Why Don’t Airlines Lower Fuel Surcharges?

With oil prices down, I’ve been asked on a daily basis lately why airlines don’t lower their fuel surcharges. In spirit, a surcharge should be temporary, to reflect an additional burden.

But if you follow the way airlines impose fuel surcharges, the system seems to be that the fuel surcharges go up every time that oil prices increase, while they don’t go down when the cost of oil decreases.

Even with the cost of oil prices way down, fuel surcharges still make up the majority of fares in many cases. For example, take the below flight between New York and London, which has a $264 base fare, and $458 in fuel surcharges.


Why? Unfortunately the only accurate answer is “because they can.” As far as I know, the only way in which airlines are benefiting from fuel surcharges nowadays is in terms of fees they can levy on award tickets:

  • Airlines have to advertise all-in prices nowadays, so must include all taxes, fees, and fuel surcharges when quoting prices — therefore there’s no advantage to having “inflated” fuel surcharges
  • As far as I know travel agents get commission on the entire pre-tax fares nowadays, so I don’t think they’re screwing travel agents out of anything by keeping fuel surcharges high

Let’s be clear, even if they did lower fuel surcharges, it wouldn’t lead to a decrease in airfare. They’d simply increase the base fare accordingly. And that’s certainly their prerogative. The cost of airfare has never really reflected the cost of providing the service, given what a perishable commodity it is. That’s why airlines can lose billions of dollars one year, and make billions of dollars the next year.

But for those of us looking to redeem miles, it sure can be frustrating to pay for these “surcharges” when they’re not based in reality.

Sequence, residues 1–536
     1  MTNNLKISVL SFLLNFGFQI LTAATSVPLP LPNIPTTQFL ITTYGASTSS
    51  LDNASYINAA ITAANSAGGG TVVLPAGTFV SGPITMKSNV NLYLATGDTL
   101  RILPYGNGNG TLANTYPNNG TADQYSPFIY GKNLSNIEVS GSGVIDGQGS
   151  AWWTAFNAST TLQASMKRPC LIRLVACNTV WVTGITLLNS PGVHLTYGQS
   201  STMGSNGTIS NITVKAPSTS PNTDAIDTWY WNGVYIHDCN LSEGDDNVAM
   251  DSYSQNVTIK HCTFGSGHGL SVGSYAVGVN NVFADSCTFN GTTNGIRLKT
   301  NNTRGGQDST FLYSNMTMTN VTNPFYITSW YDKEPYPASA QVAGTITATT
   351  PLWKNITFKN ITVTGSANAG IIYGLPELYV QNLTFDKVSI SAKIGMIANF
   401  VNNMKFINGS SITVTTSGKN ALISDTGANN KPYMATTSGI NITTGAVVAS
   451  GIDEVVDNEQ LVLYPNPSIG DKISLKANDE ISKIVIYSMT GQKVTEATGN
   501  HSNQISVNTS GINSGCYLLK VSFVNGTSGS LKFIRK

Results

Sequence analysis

Along the same lines, the always awesome Scott Mayerowitz of the AP published an article today entitled “Why airfare keeps rising despite lower oil prices.”

His conclusion is simple by spot on:

So why don’t they share some of the savings with passengers?

Simply put: Airlines have no compelling reason to offer any breaks. Planes are full. Investors want a payout. And new planes are on order.

The moral of the story is not to expect fuel surcharges to go down. The best we can hope for is that more airlines don’t start imposing fuel surcharges on award tickets.


  1. But the airlines promised during all the mergers and consolidation that fewer airlines and less competition would be “good” for consumers, since cost savings would be passed onto the traveling public.

    And they wouldn’t be less than fully truthful, would they?

    No way!

  2. I would like to see the aviation press ask these questions of the airline CEOs. “How do you justify these fuel surcharges?” I doubt they’d answer “because we can” since that would be bad for PR. However I suspect that the airlines locked in fuel prices over some long period of time so they might not be seeing the reduction in cost.

  3. Well, hopefully in 50 years or so we won’t have a need for fuel thanks to alternative sources of energy like solar energy!

  4. The status of the Transparent Airfares Act of 2014 is uncertain but with the more business friendly congress coming in January it is certainly possible some version of this law passes 2015. It is possible, depending how the law is written, that it could allow airlines to brake out fuel charges into a fee category. This would certainly seem to be within the spirit of the proposed regulation since its a fee you pay even if you are not buying a ticket (i.e. using FF miles).

  5. If the fuel surcharge goes into the base fare the total paid by the consumer goes up, because of the way the base fare is taxed. This helps manage perception based on total paid by the passenger.